The move to combat the impact of coronavirus is a co-ordinated action with Europe, Japan and Canada.
The US has cut interest rates to almost zero and launched a $700bn stimulus programme in a bid to protect the economy from the effect of coronavirus.
It is part of a co-ordinated action announced on Sunday in the UK, Japan, eurozone, Canada, and Switzerland.
In a news conference Fed chairman Jerome Powell said the pandemic was having a "profound" impact on the economy.
US President Donald Trump said the emergency action "makes me very happy".
The Fed has cut rates to a target range of 0% to 0.25%, and said it would it begin buying bonds - quantitative easing - a move that pumps money directly into the economy.
The central bank had already cut interest rates by half a percentage point after an emergency meeting on 3 March.
It was the first rate cut outside of a regularly scheduled policy meeting since the financial crisis in 2008.
Stock markets have plunged in recent days amid fears that economic paralysis will wipe out corporate profits and spark a global recession.
But early indications suggest the Fed's move may not shore up financial markets. US stock market futures, which anticipate the direction of shares when trading begins, were almost 4% down.
Speaking after the emergency meeting, which was held in place of the Fed's regular rates setting decision scheduled for this week, Mr Powell warned that although it was clear the outbreak was already having a major impact on the economy it was still too early to tell just how far-reaching the effects will be.
"The economic outlook is evolving on a daily basis and it is depending on the spread of the virus... that is not something that is knowable," he said.
As part of Sunday's announcement, the Fed will work with other central banks to increase the availability of dollars for commercial banks.
These so-called currency swap lines were an important tool in maintaining financial stability after the 2008 banking crisis.
"Today's coordinated action by major central banks will improve global liquidity by lowering the price and extending the maximum term of US dollar lending operations," Bank of England Governor Mark Carney said in a joint statement with Andrew Bailey, who succeeds him as BoE chief on Monday.
The Federal Reserve has now fired most of its remaining big guns to stimulate a US economy facing a serious financial shock from the coronavirus.
Interest rates were slashed by one full percentage point to just above zero, and the bank restarted the pumping of hundreds of billions of dollars into financial markets. Global central banks, including the Bank of England, joined in to ease the flow of dollars around the world.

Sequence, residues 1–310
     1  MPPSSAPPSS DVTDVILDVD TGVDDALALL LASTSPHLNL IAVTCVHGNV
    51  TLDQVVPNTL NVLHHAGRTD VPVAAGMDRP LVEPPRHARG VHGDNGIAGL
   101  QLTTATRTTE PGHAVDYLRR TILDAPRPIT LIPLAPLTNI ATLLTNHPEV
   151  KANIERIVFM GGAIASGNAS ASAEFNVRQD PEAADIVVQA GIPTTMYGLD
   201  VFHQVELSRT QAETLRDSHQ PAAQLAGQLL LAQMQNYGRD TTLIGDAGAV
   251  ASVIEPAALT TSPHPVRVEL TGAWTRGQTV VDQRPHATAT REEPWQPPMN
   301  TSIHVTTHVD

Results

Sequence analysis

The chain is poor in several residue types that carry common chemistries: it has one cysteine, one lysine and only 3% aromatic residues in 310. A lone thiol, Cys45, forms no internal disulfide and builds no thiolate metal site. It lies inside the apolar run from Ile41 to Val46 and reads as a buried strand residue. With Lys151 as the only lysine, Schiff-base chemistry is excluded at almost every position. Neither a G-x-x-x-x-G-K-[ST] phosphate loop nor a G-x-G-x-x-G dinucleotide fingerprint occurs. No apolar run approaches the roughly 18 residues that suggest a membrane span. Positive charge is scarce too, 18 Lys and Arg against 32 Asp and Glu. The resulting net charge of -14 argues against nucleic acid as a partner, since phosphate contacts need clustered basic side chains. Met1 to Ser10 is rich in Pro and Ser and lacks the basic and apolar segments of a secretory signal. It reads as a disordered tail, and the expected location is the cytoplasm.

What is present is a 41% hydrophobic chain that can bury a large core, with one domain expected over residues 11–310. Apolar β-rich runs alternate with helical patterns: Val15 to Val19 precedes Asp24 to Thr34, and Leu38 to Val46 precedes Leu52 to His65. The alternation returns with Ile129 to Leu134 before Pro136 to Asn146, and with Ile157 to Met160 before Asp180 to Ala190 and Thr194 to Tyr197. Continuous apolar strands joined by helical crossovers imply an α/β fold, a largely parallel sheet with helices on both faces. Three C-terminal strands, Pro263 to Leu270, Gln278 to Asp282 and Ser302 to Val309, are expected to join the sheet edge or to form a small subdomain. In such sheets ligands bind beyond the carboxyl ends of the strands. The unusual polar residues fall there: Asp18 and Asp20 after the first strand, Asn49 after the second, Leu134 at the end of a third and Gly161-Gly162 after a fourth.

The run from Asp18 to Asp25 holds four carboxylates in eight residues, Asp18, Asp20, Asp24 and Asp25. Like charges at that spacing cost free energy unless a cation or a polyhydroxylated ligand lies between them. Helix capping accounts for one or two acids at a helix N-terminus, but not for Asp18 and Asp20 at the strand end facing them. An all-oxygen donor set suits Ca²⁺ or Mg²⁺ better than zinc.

It was the full crisis toolkit designed to inject confidence into markets that ran riot last week as the outbreak turned into a global pandemic.
While the moves should soothe the financing of US business, they also reflect that the health emergency in the US has become far worse than expected and reveals US authorities are running short of options.
Interest rate cuts are a blunt instrument to deal with a pandemic, and more is expected from Congress and the White House, in particular.
President Trump welcomed the cut, but it was his decision to ban European travel that sparked the latest record share sell off on Thursday.
There is some hope that a video conference call later between leaders of the G7 western industrialised nations, including President Trump and British Prime Minister Boris Johnson, will result in a more coordinated global approach to the virus.
The authorities will be watching markets carefully today, including Mr Bailey, on his first day in the job.
Michael Hewson, chief market analyst at UK-based CMC Markets, described the co-ordinated move as throwing "the kitchen sink at the markets. [It] serves to underscore the seriousness of the economic shocks coming our way".
And in the US, Greg McBridge, chief financial analyst at online bank and mortgage firm Bankrate.com, said: "Desperate times call for desperate measures and the Fed is doing just that in an effort to keep credit markets functioning and prevent the type of starving of credit that nearly toppled the global economy into a depression in 2008.
"Reducing interest rates to borrowers will ease the burden of existing debts slightly but is unlikely to spur the usual surge of borrowing as consumers and businesses batten down the hatches for a coming drop off in US economic activity." BBC